Meigs, Henry Benjamin
Age: 18, credited to Highgate, VTVITALS
Birth: 11/23/1844, Highgate, VTADDITIONAL INFORMATION
Alias?: None notedDESCENDANTS
Episcopal Cemetery, Highgate Falls, VT
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and other veterans who may be buried there.
Henry B. Meigs
Meigs, Henry B., of Baltimore, Md., son of Captain Luther, and grandson of Benjamin (pioneers of that town), was born in Highgate, Nov. 23, 1844.
Remote from the district schools of the locality, his education was very limited, but upon attaining the years of manhood he became a great reader of current literature and substantial standard works almost exclusively of history, biography and travel, and has pursued all through life a self-directed course of study and reading of standard and classical authors. Thus storing his memory with facts that have unconsciously but admirably fitted him for a life of usefulness.
In 1862 he enlisted as a private soldier in Co. K, 13th Vt. Vols., Col. F. V. Randall commanding, and was with his command and in the ranks until the mustering out of the regiment, and participated in all of the varying experiences of his regiment during its service, including the march to and the battle of Gettysburg.
Upon the conclusion of the war, Captain Meigs emigrated to the wilds of the far West and for six years was engaged in ranching, merchandising, gold-mining and freighting across the plains in the days when Indians were numerous and railroads were unknown in that country. In 1871 he returned east and engaged in the manufacture of lime, and merchandising until 1874 in northern New York.
In politics Captain Meigs has never been interested as an active partisan, with the single exception of having been a member of the city council of Julesburg, Col., in 1867. While residing in northern New York, Captain Meigs organized the first GAR Post (William D. Brennan) at Malone, in Franklin county, and was its commander five successive terms, during which time the post grew to be the largest in all northern New York. While in command of his own post, he was continuously serving in some capacity upon the staff of the department commander, or of the commander-in-chief, and during those years organized nine posts and personally mustered into the Grand Army more than one thousand members. When a young man he became identified with the Baptist denomination and has always been actively interested in the church of his choice.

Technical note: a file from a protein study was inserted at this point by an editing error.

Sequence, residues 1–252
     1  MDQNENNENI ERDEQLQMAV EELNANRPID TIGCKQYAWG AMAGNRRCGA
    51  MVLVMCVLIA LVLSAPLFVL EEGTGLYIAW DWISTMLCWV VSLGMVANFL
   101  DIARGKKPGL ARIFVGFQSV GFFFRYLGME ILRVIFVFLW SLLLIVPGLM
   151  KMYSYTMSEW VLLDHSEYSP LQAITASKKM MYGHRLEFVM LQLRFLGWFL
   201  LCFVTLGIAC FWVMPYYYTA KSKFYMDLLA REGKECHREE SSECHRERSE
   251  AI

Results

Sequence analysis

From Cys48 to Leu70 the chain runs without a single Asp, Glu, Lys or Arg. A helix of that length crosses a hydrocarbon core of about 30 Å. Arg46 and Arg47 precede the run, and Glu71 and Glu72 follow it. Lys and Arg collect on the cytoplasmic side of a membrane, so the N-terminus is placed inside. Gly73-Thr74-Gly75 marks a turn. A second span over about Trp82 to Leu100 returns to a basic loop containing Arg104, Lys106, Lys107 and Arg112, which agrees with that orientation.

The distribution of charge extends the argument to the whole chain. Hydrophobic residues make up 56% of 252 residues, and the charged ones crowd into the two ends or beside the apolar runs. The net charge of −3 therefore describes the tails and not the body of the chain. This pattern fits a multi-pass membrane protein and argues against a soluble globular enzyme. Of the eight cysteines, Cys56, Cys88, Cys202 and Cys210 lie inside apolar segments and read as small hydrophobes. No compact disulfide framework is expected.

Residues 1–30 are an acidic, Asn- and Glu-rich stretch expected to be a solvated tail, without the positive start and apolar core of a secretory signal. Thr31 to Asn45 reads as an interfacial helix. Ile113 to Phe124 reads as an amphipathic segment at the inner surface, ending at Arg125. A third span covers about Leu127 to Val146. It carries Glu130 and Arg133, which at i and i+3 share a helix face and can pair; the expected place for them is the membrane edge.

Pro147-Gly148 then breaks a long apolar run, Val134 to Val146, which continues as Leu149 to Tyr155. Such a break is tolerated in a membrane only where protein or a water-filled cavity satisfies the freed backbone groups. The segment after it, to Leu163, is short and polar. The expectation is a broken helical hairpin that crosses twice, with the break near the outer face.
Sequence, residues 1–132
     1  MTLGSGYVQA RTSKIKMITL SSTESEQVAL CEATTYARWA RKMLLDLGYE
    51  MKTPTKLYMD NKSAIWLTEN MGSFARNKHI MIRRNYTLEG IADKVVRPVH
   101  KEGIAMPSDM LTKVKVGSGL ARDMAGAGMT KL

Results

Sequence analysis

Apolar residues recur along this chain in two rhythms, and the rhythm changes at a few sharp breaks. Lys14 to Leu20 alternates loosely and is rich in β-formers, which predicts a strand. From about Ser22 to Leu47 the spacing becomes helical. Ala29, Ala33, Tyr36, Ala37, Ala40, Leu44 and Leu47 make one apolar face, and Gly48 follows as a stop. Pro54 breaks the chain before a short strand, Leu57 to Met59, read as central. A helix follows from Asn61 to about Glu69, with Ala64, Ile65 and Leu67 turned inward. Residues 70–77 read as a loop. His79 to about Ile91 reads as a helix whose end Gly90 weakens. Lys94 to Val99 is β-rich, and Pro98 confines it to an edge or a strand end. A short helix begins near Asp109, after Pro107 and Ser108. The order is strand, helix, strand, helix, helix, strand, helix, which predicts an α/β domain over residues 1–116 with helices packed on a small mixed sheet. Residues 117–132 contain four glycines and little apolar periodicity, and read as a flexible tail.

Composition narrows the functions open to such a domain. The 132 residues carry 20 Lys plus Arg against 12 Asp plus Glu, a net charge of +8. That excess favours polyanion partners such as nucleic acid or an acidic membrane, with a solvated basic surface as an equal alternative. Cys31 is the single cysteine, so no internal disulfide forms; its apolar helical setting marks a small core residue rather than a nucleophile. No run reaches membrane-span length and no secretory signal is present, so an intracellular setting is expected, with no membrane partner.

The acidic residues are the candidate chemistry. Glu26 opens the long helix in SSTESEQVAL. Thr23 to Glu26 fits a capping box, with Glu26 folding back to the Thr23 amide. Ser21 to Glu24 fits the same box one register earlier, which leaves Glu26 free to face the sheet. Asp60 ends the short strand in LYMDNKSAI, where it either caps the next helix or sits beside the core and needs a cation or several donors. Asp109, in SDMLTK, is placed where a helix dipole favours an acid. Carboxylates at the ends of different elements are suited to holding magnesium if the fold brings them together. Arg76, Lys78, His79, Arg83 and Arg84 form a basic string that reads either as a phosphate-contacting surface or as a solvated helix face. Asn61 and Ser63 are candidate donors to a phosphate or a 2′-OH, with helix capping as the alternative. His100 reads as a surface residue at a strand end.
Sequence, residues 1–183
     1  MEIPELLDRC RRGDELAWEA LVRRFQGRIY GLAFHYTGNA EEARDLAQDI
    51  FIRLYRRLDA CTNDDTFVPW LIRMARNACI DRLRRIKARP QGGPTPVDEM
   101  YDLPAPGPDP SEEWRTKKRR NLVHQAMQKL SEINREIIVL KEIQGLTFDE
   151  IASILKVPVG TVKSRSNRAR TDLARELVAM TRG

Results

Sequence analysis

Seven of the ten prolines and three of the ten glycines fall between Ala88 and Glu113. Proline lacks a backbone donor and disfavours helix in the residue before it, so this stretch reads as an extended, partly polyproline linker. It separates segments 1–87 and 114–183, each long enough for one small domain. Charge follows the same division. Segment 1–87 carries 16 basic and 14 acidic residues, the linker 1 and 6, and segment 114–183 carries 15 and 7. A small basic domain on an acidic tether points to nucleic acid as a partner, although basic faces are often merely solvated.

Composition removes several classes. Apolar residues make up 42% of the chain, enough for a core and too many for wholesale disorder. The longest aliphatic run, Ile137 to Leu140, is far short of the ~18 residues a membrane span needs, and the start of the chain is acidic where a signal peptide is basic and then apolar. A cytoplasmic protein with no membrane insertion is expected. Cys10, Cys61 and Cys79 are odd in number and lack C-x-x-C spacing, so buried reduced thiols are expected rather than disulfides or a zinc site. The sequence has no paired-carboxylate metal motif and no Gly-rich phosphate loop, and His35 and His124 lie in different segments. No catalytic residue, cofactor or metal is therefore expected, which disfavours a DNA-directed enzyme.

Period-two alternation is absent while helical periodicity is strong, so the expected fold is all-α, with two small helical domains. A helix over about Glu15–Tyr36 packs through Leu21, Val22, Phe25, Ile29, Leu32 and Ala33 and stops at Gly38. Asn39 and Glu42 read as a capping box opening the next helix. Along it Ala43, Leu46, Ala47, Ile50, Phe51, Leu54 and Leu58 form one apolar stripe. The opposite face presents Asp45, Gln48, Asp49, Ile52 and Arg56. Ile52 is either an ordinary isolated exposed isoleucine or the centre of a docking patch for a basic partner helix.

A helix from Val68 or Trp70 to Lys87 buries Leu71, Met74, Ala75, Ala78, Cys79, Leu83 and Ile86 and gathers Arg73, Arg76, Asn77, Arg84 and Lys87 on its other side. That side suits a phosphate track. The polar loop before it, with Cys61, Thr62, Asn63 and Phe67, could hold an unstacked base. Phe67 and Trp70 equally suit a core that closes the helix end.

Special work in life requires special preparation, and sometimes the training begins very early. It would seem so in the case of Captain Meigs, whose early life and surroundings admirably fitted him for the work he was to accomplish in the general field of life insurance. In 1876 Captain Meigs adopted life insurance as his life's work, and has since followed it with increasing success, first in New York and later in Baltimore until the present time.
He went to Baltimore to take charge of the Southeastern department of the Ętna Life Insurance Co., in 1888, and the success of this department has been phenomenal. From a small beginning he has built up one of the largest general agencies on the continent, the territory comprising the states of Maryland, Virginia, West Virginia, Delaware and District of Columbia. By his own endeavors he has steadily pushed to the front and now stands among the foremost in his chosen profession. Is a member of the executive committee, Baltimore Life Underwriters Association, and is vice-president of the National Association of Life Underwriters.
It is a treat to be in company with Captain Meigs when he is in a reminiscent mood; from his memory flows a stream of humorous stories and interesting personal history which entertain, instruct and benefit.
In 1872 Captain Meigs was married to Alvira, daughter of Abijah Stanley of Bangor, N. Y.
Source: Jacob G. Ullery, compiler, Men of Vermont: An Illustrated Biographical History of Vermonters and Sons of Vermont, (Transcript Publishing Company, Brattleboro, VT, 1894), Part III, pp. 106.
See also Prentiss C. Dodge, Encyclopedia Vermont Biography, (Ullery Publishing Company, Burlington, VT., 1912), pp. 264-265.